The vast majority of R&D leaders and especially consultants focus on the efficiency of R&D: how to convert requirements into software against the lowest possible cost and resource needs. Although anyone from agile and scrum experts to continuous integration professionals focus on this challenge, very few people focus on the effectiveness of R&D. Effectiveness refers to maximizing the business value generated by the R&D investment.
In earlier posts, I have shared that research by us and others shows that somewhere between half and two-thirds of all features added to a system are waste. The frequency of use is so low that, if the feature is used at all, that it should not have been built in the first place. This means that even if the efficiency of building the feature may have been very high, the R&D effectiveness was very low as it did not deliver any business value.
Similarly, I have shared in earlier posts that in most companies the majority of R&D resources are spent on commodity functionality. In fact, 80-90% of R&D resources at many companies is allocated to commodity functionality. Although commodity functionality is needed for your system or product to work properly, the fact of the matter is that it is differentiating functionality that drives sales and consequently generates business value. Again, the efficiency of R&D in commodity may be very high, but the business value generated is very low.
Assuming that this is the case for your organization, how can you increase the effectiveness of your R&D? In the way that I work with companies in order to accomplish this, we focus on three activities. First, starting from the architecture of the system, we classify each component or subsystem as either being commodity, differentiating or innovative. If it is not possible to classify a subsystem into one of these categories, we decompose the subsystem into its constituent parts and repeat the exercise. Please note that for any component to be marked diffferent from commodity, there has to be real evidence from customers that the functionality exhibited by the component indeed is differentiating or innovative and consequently delivers business value.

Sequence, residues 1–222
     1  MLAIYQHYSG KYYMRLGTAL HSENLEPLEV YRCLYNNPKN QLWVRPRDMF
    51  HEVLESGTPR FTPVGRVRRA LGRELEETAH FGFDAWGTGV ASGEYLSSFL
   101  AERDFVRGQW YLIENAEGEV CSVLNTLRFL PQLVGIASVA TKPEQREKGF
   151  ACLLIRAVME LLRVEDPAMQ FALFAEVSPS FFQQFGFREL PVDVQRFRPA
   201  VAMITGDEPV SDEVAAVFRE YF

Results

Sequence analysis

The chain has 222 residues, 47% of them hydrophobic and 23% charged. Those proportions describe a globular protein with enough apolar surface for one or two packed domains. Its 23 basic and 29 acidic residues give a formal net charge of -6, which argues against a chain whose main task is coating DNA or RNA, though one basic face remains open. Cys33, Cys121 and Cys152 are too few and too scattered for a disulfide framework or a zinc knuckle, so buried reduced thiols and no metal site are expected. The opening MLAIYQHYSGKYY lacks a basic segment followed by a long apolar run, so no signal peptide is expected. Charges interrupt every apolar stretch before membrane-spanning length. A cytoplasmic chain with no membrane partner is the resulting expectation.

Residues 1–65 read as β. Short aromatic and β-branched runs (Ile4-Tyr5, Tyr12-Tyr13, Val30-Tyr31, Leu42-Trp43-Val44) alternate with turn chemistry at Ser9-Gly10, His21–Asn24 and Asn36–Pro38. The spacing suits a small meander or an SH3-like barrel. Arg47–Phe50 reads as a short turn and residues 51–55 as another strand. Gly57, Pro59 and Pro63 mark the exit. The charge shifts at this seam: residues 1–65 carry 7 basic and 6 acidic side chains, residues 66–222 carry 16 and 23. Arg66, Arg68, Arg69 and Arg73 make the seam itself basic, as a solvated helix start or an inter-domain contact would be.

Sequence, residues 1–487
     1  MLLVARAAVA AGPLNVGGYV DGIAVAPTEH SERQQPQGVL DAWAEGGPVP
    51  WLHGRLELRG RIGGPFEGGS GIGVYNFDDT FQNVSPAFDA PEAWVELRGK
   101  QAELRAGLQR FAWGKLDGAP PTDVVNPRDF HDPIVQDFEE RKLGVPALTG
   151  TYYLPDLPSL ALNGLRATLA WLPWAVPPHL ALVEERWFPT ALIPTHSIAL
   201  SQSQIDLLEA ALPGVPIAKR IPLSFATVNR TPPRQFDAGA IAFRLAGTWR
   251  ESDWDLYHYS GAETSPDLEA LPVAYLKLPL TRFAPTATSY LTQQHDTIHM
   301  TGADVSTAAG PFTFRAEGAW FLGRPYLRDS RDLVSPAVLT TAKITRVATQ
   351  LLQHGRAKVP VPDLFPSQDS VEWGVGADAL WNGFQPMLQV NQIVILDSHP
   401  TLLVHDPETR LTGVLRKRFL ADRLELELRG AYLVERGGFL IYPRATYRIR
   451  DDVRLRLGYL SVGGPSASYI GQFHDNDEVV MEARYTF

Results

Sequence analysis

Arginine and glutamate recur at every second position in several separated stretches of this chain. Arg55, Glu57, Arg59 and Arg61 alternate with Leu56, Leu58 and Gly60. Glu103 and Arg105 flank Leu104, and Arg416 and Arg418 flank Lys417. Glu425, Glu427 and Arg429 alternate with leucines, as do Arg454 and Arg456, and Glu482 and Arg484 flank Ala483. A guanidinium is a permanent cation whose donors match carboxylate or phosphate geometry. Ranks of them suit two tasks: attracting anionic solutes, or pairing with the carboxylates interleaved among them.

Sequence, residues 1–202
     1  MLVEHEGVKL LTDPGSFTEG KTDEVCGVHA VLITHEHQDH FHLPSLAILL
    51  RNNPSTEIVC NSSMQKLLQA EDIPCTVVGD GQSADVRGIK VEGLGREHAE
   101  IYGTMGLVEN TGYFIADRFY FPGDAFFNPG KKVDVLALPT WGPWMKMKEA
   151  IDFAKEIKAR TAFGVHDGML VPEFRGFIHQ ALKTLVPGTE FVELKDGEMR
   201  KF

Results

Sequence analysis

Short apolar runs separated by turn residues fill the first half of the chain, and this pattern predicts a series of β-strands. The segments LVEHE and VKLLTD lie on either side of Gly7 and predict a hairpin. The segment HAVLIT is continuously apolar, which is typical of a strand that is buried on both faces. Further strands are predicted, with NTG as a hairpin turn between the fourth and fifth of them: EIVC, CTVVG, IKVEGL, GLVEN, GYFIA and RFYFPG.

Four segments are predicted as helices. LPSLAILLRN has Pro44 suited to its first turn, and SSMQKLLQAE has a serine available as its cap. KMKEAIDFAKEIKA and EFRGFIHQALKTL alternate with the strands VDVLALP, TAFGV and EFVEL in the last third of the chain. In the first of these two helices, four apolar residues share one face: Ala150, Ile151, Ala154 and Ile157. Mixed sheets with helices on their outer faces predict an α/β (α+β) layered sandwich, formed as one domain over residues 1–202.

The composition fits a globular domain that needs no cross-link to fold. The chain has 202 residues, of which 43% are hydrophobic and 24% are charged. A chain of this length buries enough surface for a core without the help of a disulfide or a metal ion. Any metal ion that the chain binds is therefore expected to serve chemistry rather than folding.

Once the components that make up the system have been labeled, the next step is to estimate resource allocation for each component. There are different ways to do this, but the details are beyond the scope of this article. Once the current resource allocation has been established, we make a decision that commodity components will only receive R&D resources for bug fixing and for staying compatible with external software assets. For instance, when the company upgrades the operating system on top of which its software runs, also legacy components need to be adjusted. However, except for bug fixing, no R&D resources can be allocated to commodity components. If conducted properly this allows companies to reduce the allocation of R&D resources to commodity with 50% or more. This in itself will already double R&D effectiveness.
Over the last months, I have started to write on a new, shorter, book again that describes the approach that I discuss here in this blog post. This weekend I finished the draft of the first part of the book. If you would be interested in reading the draft and, if possible, sharing your feedback with me, please send me an email and I’ll send the PDF to you.
In the next article, I will discuss the other activities that we apply for improving R&D effectiveness. These activities are concerned with measuring the value of already realized features in deployed systems as well as new features. Concluding, very few R&D leaders and consultants focus on effectiveness. I believe that this is a huge missed opportunity for most companies. In our research and my engagement with a variety of companies, I have developed and applied techniques that allow companies to double the effectiveness of their R&D investments. Contact me at firstname.lastname@example.org if you want to know more!
As a side note: last week’s blog post was about getting stuck in your comfort zone and I invited you to have lunch with me to discuss how to get unstuck, to grow professionally and as a person and how to maximize the contribution each of us makes to mankind. I am overwhelmed by the responses and have already booked several lunches. In fact, I had the first meeting last Friday. Thank you so much! I promise to write up my reflections and learnings and to post these in future blog posts. If you didn’t see the post, but would still like to meet with me (in person or using other means), just drop me an email. And for those that already sent me an email: please give me a few days to get back to you!